Second Harvest (Chapter Nine, page 1 of 10)

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Tom, the blacksmith, stood in the doorway of his shop watching the streets. Wiping his dirty hands on a rag, Tom could see a lone horse rider heading his direction and riding into the town. The heat waves distorted the image.

"Isn't that Roy's horse Sugar-Girl?" said another worker standing alongside Tom.

"It looks like his but isn't that one of the Johansson boys on her back?"

Abe was hot and tired. He had emptied the canteen before he was half way to town and the sun was beating down on his head. Tom saw that the horse had no saddle and the boy riding her was drooping. The exhaustion from his escape ordeal and lack of enough sleep weakened Abe.

"Quick, grab a big bucket of water and bring it here," Tom said to the worker.

Tom ran toward Sugar-Girl and grabbed the make-shift rope reins Abe had fashioned. He lifted the boy off Sugar-Girl and carried Abe in his big arms. With Sugar-Girl in tow, Tom walked back to the blacksmith shop. The worker set the water bucket down in front of the horse and she began drinking noisily. Abe jumped from Tom's arms and dropped to the ground. Leaning into the bucket, Abe scooped water to his mouth sharing the same bucket with Sugar-Girl.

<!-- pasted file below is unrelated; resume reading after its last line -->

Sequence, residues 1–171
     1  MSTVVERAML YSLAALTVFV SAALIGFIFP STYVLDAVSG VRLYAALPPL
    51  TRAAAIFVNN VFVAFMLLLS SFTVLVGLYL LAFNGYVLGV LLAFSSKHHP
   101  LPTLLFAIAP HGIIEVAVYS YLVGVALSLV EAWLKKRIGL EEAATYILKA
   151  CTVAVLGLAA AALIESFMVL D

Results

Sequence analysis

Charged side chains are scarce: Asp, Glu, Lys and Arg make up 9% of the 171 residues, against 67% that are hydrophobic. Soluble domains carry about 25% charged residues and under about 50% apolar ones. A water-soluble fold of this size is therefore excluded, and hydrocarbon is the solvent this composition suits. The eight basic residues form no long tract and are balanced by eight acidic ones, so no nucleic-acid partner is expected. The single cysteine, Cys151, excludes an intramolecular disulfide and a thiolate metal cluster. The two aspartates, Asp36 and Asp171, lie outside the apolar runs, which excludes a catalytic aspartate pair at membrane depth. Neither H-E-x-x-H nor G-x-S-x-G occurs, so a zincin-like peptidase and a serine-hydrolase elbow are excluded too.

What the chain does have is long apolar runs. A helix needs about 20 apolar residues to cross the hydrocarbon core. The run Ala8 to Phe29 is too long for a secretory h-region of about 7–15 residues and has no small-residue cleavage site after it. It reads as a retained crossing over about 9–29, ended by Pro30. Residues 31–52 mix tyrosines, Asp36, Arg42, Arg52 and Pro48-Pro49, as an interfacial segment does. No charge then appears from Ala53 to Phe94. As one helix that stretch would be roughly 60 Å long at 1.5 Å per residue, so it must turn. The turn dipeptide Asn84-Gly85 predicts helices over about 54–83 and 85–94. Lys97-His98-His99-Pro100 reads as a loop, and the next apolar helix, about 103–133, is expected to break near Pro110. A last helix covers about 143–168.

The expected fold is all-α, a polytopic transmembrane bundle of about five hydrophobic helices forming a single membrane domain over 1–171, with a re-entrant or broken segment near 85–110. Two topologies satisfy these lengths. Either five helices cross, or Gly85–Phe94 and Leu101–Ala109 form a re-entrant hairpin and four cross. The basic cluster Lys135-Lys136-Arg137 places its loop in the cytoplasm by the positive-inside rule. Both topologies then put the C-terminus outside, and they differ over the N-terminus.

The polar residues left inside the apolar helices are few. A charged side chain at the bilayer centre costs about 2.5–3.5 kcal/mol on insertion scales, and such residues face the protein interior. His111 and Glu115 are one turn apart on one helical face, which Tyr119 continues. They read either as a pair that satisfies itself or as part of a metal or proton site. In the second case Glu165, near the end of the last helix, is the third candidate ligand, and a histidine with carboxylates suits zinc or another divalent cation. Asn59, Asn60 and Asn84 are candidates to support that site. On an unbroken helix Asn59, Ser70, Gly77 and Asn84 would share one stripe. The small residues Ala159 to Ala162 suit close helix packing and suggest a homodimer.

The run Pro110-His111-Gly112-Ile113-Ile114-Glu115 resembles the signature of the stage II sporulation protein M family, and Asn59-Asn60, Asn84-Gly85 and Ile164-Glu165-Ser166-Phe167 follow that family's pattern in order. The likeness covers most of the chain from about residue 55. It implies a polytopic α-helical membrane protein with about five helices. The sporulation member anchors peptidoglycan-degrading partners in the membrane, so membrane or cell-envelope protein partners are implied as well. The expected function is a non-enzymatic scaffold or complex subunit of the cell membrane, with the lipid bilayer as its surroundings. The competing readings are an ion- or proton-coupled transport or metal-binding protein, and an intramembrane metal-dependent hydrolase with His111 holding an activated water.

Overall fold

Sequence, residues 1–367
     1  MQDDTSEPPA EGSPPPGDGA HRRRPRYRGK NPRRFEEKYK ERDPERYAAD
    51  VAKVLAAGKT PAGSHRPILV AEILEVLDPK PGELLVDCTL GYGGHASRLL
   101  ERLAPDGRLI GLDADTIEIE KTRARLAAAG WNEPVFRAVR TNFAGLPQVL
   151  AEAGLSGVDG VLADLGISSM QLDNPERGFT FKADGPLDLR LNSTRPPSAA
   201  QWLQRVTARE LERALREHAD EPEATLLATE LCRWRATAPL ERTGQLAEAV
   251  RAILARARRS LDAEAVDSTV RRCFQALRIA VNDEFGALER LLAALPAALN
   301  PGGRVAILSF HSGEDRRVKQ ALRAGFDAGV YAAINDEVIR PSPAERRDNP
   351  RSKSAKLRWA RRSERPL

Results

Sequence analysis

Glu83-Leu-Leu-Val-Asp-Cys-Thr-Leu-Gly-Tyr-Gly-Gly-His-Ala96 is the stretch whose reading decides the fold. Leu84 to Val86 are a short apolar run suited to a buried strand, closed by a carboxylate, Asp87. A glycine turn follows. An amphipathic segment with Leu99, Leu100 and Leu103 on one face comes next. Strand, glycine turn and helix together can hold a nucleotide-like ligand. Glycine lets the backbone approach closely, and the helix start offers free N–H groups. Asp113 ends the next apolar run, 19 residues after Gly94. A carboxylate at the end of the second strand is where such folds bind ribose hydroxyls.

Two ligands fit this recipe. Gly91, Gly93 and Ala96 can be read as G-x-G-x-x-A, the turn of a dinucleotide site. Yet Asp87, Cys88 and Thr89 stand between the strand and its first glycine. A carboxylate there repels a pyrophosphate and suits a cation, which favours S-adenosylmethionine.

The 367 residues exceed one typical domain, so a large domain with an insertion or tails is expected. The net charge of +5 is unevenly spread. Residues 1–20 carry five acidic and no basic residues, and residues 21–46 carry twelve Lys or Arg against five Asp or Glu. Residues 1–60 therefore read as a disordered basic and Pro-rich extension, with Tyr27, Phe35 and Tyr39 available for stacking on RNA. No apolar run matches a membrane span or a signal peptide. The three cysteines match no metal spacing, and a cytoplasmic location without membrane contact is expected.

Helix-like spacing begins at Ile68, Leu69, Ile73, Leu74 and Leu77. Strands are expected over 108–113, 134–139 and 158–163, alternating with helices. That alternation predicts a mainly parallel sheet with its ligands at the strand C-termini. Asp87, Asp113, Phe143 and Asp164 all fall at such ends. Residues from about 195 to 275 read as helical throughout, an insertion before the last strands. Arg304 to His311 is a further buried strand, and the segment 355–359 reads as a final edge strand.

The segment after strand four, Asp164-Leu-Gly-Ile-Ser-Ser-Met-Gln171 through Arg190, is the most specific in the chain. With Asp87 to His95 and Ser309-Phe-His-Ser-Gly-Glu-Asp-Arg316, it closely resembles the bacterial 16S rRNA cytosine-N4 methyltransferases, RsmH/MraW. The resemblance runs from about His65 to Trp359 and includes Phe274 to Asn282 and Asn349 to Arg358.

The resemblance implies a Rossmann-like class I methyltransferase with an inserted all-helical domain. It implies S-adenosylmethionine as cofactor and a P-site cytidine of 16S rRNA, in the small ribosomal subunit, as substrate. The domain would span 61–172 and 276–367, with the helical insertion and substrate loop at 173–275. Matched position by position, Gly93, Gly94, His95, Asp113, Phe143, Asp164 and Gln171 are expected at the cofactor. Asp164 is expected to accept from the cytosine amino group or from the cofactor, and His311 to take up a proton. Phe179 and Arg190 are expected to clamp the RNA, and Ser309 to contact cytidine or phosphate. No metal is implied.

Tom waited patiently as Abe recovered. "Help me get them out of this blasted sun," Tom said to his helpers. Once situated inside the building, Tom started asking questions. "You're one of the Johansson boys aren't you?"

"Yes sir, Abe is my name."

"Where's Roy, your mother, and what happened to the saddle?"

"Maw, Roy and my brother Billy are trapped inside a tunnel at Roy's place. I need some help to dig them out." Abe's voice was excited and anxious.

Tom saw that Abe was cut, bruised, and filthy. "How did you get out?"

"Roy found an opening in the ceiling and I crawled out to get help. It wasn't easy and almost didn't make it."

This was all information Tom needed to react. Gathering several men he formed a rescue team and rode off to Roy's farm. Upon arriving, Tom could not believe the destruction. Abe led them to the log cabin, where several strong men cleared a path to the fireplace. When the roof had collapsed, it caused the fire to burn a big hole in the cabin floor. It made walking through the cabin difficult.

Finally, Abe showed them the hidden path to the tunnel behind the fireplace. The men started moving dirt and tossing the soil in the hole of the floor. When the sun started setting, they had managed to remove only several feet of earth from the tunnel and loose boards. Everyone was tired and sweaty. After a long break, Tom pulled Abe aside.

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